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ARS Home » Plains Area » Fort Collins, Colorado » Center for Agricultural Resources Research » Water Management and Systems Research » Research » Publications at this Location » Publication #344044

Research Project: Response of Ecosystem Services in Agricultural Watersheds to Changes in Water Availability, Land Use, Management, and Climate

Location: Water Management and Systems Research

Title: Estimating landscape-scale impacts of agricultural management on soil carbon using measurements and models.

Author
item Schipanski, M - Colorado State University
item Rosenzweig, S - Colorado State University
item Robertson, A - Colorad0 State University
item Sherrod, Lucretia
item Ghimire, R - Colorado State University
item Mcmaster, Gregory

Submitted to: American Geophysical Union
Publication Type: Abstract Only
Publication Acceptance Date: 10/1/2017
Publication Date: 12/11/2017
Citation: Schipanski, M.E., Rosenzweig, S.T., Robertson, A.D., Sherrod, L.A., Ghimire, R., Mcmaster, G.S. 2017. Estimating landscape-scale impacts of agricultural management on soil carbon using measurements and models.. American Geophysical Union. Abstract presented at 2017 Fall Meeting, AGU, New Orleans, LA, 11-15 December, 2017.

Interpretive Summary: Agriculture covers 40% of Earth’s ice-free land area and has broad impacts on global biogeochemical cycles, and can significantly influence soil health and quality. While some agricultural management changes are small in scale or impact, others have the potential to shift biogeochemical cycles at landscape and larger scales if widely adopted. Understanding which management practices have the potential to contribute to climate change adaptation, resiliency, and mitigation while maintaining productivity requires scaling up estimates spatially and temporally. This work estimated how crop rotations impact soil organic carbon (SOC) accumulation rates and pesticide inputs under current and future climate scenarios across the semi-arid Central and Southern Great Plains. We used a collection of on-farm, long-term, and landscape scale datasets to meet this objective. In sampling 96 farm fields, we found replacing traditional wheat-fallow rotations with more diverse, continuously cropped rotations increased SOC by 17% and 12% in 0-10 cm and 0-20 cm depths in the soil, respectively, and reduced herbicide use by 50%. Using the USDA Cropland Data Layer, we estimated SOC accumulation and pesticide reduction potentials of shifting to more intensive rotations. We also used a 30-year cropping systems experiment to calibrate and validate the Daycent model to evaluate rotation intensify effects under future climate change scenarios. The model estimated greater SOC accumulation rates under continuously cropped rotations, but SOC stocks peaked and then declined for all cropping systems beyond 2050 under future climate scenarios. Perennial grasslands were the only system estimated to maintain SOC levels in the future. In the Southern High Plains, SOC declined despite increasing input intensity under current weather while modest gains were simulated under future climate for sorghum-based cropping systems. Our findings highlight the potential vulnerability of semi-arid regions to climate change, which will be compounded by declining groundwater levels along the western edge of the High Plains Aquifer that increase reliance on dryland farming systems. Understanding these challenges provides opportunities to develop future transition and adaptation strategies in partnership with producers, policy makers, and rural communities.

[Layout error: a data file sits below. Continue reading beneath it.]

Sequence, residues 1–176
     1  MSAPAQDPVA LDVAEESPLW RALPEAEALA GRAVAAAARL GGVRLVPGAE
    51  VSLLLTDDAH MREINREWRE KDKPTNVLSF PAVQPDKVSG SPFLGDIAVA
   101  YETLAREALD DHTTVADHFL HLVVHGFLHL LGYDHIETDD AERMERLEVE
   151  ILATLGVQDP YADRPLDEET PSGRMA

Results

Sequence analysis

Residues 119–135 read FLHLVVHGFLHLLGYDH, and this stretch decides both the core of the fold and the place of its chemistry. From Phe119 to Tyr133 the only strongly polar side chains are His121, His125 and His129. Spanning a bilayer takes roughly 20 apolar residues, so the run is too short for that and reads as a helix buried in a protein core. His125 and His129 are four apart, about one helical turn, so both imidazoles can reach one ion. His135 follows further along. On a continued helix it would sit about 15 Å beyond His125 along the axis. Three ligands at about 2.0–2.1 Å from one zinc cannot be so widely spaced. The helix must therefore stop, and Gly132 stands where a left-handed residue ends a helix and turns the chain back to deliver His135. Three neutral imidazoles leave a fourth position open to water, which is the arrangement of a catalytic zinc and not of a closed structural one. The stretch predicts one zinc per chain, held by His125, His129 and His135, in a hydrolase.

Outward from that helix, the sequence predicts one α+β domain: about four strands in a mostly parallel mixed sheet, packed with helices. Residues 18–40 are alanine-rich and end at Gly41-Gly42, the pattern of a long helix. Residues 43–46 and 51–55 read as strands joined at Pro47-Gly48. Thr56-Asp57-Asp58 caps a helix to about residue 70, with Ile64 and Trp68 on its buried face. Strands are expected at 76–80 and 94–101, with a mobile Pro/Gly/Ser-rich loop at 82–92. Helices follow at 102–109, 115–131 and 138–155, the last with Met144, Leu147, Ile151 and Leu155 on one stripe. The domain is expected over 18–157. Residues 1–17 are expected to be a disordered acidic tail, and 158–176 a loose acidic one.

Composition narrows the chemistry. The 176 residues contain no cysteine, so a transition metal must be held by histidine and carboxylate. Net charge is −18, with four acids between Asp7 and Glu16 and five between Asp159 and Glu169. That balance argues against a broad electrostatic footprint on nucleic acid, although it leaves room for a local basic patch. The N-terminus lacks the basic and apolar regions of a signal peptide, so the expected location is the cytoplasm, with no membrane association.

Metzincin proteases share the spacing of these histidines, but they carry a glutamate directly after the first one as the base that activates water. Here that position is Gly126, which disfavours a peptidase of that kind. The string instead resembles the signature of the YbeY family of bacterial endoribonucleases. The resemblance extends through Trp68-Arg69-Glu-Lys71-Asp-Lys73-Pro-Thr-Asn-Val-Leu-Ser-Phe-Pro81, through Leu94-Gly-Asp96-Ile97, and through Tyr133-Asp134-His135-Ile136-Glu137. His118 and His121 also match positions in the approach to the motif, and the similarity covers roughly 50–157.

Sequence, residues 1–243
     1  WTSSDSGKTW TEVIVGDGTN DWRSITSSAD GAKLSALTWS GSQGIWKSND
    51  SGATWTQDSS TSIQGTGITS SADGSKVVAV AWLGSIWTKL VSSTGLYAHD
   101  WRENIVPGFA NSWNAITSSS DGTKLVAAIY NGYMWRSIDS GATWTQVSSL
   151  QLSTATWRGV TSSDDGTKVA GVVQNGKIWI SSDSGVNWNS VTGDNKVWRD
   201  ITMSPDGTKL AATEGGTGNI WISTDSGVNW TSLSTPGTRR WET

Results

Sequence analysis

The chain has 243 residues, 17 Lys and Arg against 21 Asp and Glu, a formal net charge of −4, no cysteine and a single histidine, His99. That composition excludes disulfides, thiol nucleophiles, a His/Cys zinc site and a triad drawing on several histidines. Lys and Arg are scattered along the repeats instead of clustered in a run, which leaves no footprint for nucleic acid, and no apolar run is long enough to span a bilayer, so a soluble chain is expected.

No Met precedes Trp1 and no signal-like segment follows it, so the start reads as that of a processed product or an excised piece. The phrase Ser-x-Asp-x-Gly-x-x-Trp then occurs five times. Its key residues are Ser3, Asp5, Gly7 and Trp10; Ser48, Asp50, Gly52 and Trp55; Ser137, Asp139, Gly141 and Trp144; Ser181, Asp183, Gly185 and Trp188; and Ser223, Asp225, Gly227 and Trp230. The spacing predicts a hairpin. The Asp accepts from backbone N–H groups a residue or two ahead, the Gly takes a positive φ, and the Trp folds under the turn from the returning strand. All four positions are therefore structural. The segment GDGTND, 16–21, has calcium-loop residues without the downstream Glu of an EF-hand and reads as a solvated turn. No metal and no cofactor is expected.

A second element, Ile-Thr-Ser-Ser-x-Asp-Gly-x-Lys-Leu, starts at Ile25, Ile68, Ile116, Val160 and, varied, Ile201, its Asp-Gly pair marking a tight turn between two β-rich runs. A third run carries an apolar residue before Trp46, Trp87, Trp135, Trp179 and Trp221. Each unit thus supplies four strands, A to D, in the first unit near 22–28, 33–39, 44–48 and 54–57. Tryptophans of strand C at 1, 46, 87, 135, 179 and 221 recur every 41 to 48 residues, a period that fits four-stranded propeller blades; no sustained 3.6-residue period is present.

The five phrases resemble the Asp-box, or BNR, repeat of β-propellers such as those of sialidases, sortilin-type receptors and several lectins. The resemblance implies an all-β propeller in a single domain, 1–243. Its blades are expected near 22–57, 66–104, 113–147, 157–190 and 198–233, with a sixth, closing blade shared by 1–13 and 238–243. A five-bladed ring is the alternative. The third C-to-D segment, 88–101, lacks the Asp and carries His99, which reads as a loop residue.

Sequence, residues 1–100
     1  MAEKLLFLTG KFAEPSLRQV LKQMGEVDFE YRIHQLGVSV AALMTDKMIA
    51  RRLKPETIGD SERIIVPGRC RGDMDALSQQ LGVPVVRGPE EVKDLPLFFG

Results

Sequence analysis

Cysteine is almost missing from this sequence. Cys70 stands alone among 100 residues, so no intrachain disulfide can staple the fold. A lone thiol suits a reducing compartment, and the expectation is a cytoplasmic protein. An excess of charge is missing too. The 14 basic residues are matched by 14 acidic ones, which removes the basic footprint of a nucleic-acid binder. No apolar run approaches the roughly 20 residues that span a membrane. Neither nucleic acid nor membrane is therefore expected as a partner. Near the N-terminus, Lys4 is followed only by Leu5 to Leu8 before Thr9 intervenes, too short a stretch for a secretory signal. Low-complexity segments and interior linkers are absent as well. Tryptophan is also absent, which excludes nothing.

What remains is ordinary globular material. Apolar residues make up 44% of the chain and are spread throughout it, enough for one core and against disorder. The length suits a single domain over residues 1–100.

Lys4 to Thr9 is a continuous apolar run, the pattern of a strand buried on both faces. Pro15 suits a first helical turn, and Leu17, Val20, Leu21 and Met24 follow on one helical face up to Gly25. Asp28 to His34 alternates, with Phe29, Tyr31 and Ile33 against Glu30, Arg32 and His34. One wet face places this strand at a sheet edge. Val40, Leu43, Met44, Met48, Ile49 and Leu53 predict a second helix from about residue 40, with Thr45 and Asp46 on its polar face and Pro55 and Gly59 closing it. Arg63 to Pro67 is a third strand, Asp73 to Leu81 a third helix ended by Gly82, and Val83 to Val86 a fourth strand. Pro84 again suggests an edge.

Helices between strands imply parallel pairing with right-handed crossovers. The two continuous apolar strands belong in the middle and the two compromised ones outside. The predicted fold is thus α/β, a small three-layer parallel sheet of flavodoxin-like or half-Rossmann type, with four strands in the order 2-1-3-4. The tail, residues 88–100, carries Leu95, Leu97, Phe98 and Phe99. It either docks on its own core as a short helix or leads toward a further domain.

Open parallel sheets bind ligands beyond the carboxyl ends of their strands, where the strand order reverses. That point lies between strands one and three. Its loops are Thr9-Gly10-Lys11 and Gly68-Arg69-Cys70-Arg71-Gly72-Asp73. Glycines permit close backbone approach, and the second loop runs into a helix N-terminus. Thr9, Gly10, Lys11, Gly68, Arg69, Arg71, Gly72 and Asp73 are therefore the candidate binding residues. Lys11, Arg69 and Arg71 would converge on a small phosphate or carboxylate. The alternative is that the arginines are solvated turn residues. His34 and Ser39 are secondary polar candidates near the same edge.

Technical Abstract: Agriculture covers 40% of Earth’s ice-free land area and has broad impacts on global biogeochemical cycles. While some agricultural management changes are small in scale or impact, others have the potential to shift biogeochemical cycles at landscape and larger scales if widely adopted. Understanding which management practices have the potential to contribute to climate change adaptation and mitigation while maintaining productivity requires scaling up estimates spatially and temporally. We used on-farm, long-term, and landscape scale datasets to estimate how crop rotations impact soil organic carbon (SOC) accumulation rates under current and future climate scenarios across the semi-arid Central and Southern Great Plains. We used a stratified, landscape-scale soil sampling approach across 96 farm fields to evaluate crop rotation intensity effects on SOC pools and pesticide inputs. Replacing traditional wheat-fallow rotations with more diverse, continuously cropped rotations increased SOC by 17% and 12% in 0-10 cm and 0-20 cm depths, respectively, and reduced herbicide use by 50%. Using USDA Cropland Data Layer, we estimated soil C accumulation and pesticide reduction potentials of shifting to more intensive rotations. We also used a 30-year cropping systems experiment to calibrate and validate the Daycent model to evaluate rotation intensify effects under future climate change scenarios. The model estimated greater SOC accumulation rates under continuously cropped rotations, but SOC stocks peaked and then declined for all cropping systems beyond 2050 under future climate scenarios. Perennial grasslands were the only system estimated to maintain SOC levels in the future. In the Southern High Plains, soil C declined despite increasing input intensity under current weather while modest gains were simulated under future climate for sorghum-based cropping systems. Our findings highlight the potential vulnerability of semi-arid regions to climate change, which will be compounded by declining groundwater levels along the western edge of the High Plains Aquifer that increase reliance on dryland farming systems. Understanding these challenges provides opportunities to develop future transition and adaptation strategies in partnership with producers, policy makers, and rural communities.